Act 520 was passed in 1994 to establish the Lembaga Pembangunan Industri Pembinaan Malaysia, also known as the Malaysian Construction Industry Development Board (CIDB), and to provide for its functions relating to the construction industry and for matters connected.
An amendment to the Act was made in 2011 - Act 520 (Amendment 2011) - and was gazetted by Works Minister Fadillah Yusof to come into force on 1 June, 2015. The amendment's main focus was construction quality and safety.
The amendment encompasses three main areas:
The amended Act 520 makes it compulsory for construction personnel to be registered with CIDB. This is to allow CIDB to gather sufficient and accurate data on the number of construction personnel available and needed, the relevance of skills training programmes to the nation's need, and to keep tabs on standards of construction workers.
The amendment also requires all construction site supervisors and skilled construction personnel as specified in the Third Schedule of Act 520 to be accredited by CIDB, and to hold a valid CIDB issued certificate according to their respective trades and skills.
This is because construction personnel who have been certified of their skills can produce work of high quality, be competent and highly productive. This in turn will increase the image of the construction workforce and attract more to be involved in this line.
Anyone caught working without proper registration and accreditation papers will be slapped with a fine of not exceeding RM5,000. Likewise, the same penalty will also be imposed on employers of workers who are not accredited to carry out construction work.
The second aspect highlighted in Act 520 amendment is to regulate the quality of construction materials used in the construction industry. CIDB will now certify the construction materials available in the market as specified in the Fourth Schedule of the Act, and in accordance with the standards specified in the same Schedule.
Regulating the standards of the construction materials will also reduce the availability of low quality materials in Malaysia. This will also stop other countries from dumping their cheap and poor quality construction materials in Malaysia. Although Malaysia has anti-dumping laws, there is no legal framework to control and monitor the standards of construction materials.
While the Royal Malaysian Customs, through its Customs (Prohibitions of Imports) Order 1998 under the Customs Act 1967, prohibits the import of construction materials that do no confine to the standards set by CIDB, this provision however does not apply to locally produced construction materials. Due to this different legal standards, the Act 520 amendment is important in ensuring Malaysia does not breach the World Trade Organisation (WTO) agreement by having different prohibitions for imported and local products.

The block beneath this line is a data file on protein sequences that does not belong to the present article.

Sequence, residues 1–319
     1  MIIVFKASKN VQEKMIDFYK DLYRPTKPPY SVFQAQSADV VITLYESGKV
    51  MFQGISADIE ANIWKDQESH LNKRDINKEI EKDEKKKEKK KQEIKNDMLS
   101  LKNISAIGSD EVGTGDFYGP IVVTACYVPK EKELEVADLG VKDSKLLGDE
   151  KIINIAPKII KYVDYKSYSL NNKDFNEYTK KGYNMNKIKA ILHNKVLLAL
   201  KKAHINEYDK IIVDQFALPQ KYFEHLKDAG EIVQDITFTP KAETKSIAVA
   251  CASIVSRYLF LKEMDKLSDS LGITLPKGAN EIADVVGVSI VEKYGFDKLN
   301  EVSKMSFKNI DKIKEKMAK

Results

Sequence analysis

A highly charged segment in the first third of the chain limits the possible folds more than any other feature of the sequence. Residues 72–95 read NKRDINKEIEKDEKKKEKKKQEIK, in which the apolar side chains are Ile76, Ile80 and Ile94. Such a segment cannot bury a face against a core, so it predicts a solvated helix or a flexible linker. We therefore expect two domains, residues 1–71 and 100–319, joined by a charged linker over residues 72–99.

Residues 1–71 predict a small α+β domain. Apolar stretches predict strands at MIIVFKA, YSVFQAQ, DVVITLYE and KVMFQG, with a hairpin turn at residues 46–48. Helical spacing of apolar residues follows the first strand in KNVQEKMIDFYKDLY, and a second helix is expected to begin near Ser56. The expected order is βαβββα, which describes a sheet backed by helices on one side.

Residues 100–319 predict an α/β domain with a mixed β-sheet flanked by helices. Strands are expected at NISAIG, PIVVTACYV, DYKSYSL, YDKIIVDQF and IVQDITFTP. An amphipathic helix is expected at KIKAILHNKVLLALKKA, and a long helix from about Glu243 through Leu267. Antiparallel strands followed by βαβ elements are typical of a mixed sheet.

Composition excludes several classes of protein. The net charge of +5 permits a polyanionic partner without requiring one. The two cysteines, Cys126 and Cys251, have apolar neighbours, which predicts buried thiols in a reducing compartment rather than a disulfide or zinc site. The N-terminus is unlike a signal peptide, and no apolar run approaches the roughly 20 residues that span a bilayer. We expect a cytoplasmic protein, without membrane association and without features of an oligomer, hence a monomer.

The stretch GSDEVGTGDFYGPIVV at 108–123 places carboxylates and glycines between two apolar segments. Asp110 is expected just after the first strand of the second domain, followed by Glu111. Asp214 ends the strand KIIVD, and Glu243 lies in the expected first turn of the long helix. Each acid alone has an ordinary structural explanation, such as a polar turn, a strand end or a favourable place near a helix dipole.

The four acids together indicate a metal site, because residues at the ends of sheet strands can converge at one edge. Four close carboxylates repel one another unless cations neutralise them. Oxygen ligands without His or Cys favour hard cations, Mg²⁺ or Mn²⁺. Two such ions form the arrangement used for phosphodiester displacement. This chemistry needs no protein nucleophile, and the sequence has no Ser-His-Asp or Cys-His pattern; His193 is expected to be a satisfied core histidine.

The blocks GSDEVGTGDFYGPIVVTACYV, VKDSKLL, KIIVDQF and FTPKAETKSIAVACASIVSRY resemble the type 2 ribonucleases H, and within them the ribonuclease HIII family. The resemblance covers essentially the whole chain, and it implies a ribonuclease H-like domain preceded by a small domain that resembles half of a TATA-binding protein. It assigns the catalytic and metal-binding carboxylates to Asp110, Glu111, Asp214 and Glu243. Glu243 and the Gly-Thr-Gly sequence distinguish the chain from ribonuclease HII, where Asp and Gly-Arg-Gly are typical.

Any person who deals or undertakes to deal with the construction materials specified in the Fourth Schedule without the CIDB certification shall be guilty of an offence and shall be, upon conviction, liable to a fine of not less than RM10,000 but not more than RM500,000.
The amendment also makes it the contractor's duty to ensure the safety of the building and the construction works, whether during or post construction works. This amendment is applicable to all contractors, whether registered or not with CIDB. Likewise any person having the right and power to manage or control any construction site has the duty to ensure that the construction site and the means of entering and leaving the site are safe and not harmful to health.
The amendment provides that in the event of a breach of safety, CIDB is empowered to immediately stop the construction work, to carry out inspection at the site at the contractor's cost, to order for the execution of specified construction works and to demolish the defective building or any defective parts of the building.
Contractors who fail to adhere to the directives issued by CIDB shall be guilty of an offence and on conviction be liable to a fine not exceeding RM500,000, and in respect of a continuing failure to comply, an additional fine of not exceeding RM10,000 for every day or part of a day which the offence continues after conviction.
Any contractor whose breach of duty results in death shall be guilty of an offence, and on conviction, be liable to a fine not exceeding RM500,000 or to imprisonment for a term not exceeding two years, or both.
Apart from that, Act 520 Amendment also imposes higher penalty to contractors who undertake construction works without valid contractor accreditation - from RM10,000 to RM100,000, compared to a maximum penalty of RM10,000 before the amendment. For contractors who do not declare their construction projects, they can be fined up to RM50,000. Contractors who fail to pay levy can be fined up to RM50,000, or four times the amount of such levy payable, whichever is higher.